I blinked and she disappeared, as did the room, and the surrounding area was nothing but inky darkness, that flowed slowly as if made of water or very thick mist. I blinked again and the door to the kitchen had reappeared. Inside the walls and the tiles of the floor were cracked and often, and the only light source was that of a street lamp that had surreptitiously placed itself in the space between the door and the kitchen table. It, like its environment, was in a state of disrepair and the egg shaped bulb that was tucked away behind the fractured glass waxed and waned.
I’d be safe there, I told myself. Walking however was not as easy as it once was. Every step was as heavy as the next as if my shoes were filled with cement and my muscles had given in to atrophy. Each time i couldn’t be sure if the shadows for which my feet scraped against would be solid floor or, like the shows would have me perceive, be like water and with my heavy, useless limbs I would fall into the abyss that had surrounded me. It was the light, I told myself. The light would keep me safe. But with each arduous shift of my body the bulb of the derelict street lamp shrunk and the kitchen itself peeled more and more away. If I didn’t get there soon I would be lost. I cried and shouted to the room ahead of me, each time my voice was become more hoarse and monstrous. Fire burned through my veins and pressure filled my head causing blood to pour from my nose and ears. I was steps away one moment then was a league away the next, each time I would drag and drag my feet towards the ever fading light, often pulling my legs by the knees with my arms. I was closer now and my hand could just about touch the door frame. A small amount of hope filled my body enough to push myself harder and make that last step through the threshold. As my right foot was about to land, like the last step of an absurd marathon, the door frame spasmed and collapsed on itself leaving me on my knees in the black smoke of the place that was once her living room.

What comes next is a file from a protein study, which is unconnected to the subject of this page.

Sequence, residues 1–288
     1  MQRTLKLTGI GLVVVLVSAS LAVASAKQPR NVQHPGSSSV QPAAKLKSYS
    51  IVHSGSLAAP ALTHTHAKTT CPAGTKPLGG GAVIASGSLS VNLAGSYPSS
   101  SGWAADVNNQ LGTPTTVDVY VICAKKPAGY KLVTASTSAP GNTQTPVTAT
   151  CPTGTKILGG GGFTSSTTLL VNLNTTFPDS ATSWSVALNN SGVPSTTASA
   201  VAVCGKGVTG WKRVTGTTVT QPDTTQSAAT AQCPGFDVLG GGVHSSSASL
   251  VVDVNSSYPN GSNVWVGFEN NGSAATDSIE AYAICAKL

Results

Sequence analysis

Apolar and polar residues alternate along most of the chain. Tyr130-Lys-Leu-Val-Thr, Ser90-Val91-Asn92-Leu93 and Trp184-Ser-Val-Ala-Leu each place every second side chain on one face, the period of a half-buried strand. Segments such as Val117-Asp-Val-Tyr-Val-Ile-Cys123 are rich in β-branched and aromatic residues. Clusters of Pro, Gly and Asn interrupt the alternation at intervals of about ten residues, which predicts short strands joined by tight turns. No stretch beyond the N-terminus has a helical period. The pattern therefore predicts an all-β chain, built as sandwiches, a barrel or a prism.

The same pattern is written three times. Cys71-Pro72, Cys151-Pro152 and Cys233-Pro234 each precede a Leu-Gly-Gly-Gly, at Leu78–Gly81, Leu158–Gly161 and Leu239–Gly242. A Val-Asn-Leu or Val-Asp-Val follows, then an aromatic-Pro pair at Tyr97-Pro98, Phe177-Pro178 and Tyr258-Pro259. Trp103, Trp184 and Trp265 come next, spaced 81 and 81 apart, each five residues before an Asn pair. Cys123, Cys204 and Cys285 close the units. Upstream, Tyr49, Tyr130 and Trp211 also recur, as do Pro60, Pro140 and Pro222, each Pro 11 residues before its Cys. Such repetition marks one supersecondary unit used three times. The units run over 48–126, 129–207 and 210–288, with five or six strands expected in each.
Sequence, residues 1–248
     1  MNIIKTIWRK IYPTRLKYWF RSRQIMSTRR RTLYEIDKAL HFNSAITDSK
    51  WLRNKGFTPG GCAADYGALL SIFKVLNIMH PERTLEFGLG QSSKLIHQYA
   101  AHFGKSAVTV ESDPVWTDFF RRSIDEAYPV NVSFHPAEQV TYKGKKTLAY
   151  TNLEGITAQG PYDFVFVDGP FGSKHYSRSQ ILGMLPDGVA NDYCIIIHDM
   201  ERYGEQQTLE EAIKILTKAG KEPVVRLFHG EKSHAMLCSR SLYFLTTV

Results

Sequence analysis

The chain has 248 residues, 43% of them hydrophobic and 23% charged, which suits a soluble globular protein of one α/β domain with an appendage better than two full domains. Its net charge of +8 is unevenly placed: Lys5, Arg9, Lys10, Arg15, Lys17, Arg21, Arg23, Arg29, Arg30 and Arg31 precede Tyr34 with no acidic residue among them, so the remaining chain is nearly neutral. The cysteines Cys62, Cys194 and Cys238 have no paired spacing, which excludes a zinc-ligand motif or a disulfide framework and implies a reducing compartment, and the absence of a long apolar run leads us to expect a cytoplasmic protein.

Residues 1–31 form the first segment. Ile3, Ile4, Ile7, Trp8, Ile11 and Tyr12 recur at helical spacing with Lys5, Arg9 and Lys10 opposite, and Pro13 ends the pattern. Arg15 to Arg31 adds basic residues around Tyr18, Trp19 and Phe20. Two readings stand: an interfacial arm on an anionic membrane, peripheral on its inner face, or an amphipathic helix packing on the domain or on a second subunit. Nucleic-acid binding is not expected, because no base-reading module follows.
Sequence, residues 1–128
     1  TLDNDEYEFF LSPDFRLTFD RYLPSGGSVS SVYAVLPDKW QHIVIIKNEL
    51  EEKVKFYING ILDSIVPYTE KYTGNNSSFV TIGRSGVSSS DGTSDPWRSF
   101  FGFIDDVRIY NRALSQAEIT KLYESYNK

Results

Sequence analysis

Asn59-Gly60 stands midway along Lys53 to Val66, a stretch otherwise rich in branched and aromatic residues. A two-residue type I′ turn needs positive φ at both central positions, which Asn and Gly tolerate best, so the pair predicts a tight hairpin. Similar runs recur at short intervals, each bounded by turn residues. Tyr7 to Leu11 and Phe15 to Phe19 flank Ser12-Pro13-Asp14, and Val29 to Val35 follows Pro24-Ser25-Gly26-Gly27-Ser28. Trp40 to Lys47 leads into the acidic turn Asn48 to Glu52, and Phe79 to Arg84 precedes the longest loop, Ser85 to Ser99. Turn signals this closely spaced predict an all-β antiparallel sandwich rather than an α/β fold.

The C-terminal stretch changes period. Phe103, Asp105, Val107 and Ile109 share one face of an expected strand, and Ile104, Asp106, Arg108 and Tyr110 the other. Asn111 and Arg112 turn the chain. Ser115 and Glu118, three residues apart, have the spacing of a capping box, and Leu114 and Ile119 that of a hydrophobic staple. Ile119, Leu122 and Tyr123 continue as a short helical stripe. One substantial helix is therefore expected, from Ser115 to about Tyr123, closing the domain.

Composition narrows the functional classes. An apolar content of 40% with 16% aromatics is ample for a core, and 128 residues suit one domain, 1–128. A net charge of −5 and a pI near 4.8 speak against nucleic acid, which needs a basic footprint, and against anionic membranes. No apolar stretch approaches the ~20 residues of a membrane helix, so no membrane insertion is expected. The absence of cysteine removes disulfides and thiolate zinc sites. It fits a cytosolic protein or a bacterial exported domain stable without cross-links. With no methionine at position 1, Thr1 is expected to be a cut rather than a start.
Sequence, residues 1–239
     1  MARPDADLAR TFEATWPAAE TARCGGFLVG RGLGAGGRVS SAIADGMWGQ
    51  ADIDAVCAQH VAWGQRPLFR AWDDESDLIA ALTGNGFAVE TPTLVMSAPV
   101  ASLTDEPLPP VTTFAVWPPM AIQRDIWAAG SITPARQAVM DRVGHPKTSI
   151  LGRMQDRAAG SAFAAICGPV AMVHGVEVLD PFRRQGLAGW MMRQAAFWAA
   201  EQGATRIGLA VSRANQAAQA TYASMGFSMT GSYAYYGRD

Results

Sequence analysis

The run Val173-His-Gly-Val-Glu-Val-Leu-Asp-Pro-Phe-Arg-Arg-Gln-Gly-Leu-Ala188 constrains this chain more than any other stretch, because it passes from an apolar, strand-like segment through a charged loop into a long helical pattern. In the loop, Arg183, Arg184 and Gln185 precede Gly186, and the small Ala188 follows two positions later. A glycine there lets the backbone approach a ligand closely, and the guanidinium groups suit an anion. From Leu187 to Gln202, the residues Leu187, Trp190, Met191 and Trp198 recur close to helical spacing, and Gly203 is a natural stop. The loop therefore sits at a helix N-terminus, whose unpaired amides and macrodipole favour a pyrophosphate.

Hot tears filled my eyes and poured from my face as I gave into a sob. My throat was too dry for me to cry out leaving me making sounds that were more akin to that of a croak.
“I can’t do it”, I muttered through snot and the bullet-like tears, “I simply can’t”.
A hand placed itself upon my shoulder, “Dee”, said a soft voice.
I spun around, faster than I could have, and found my self on my knees in a brightly lit room with her in front of me. She smile a soft smile, the kind that never made you feel alone nor ever showed any indifference and, whilst crouching in front of me said quite simply, “You never have to do this alone”.
The world returned. The tar that had enveloped me had evaporated and colour returned to the world. She helped me to my feet and kissed me softly. I didn’t let go.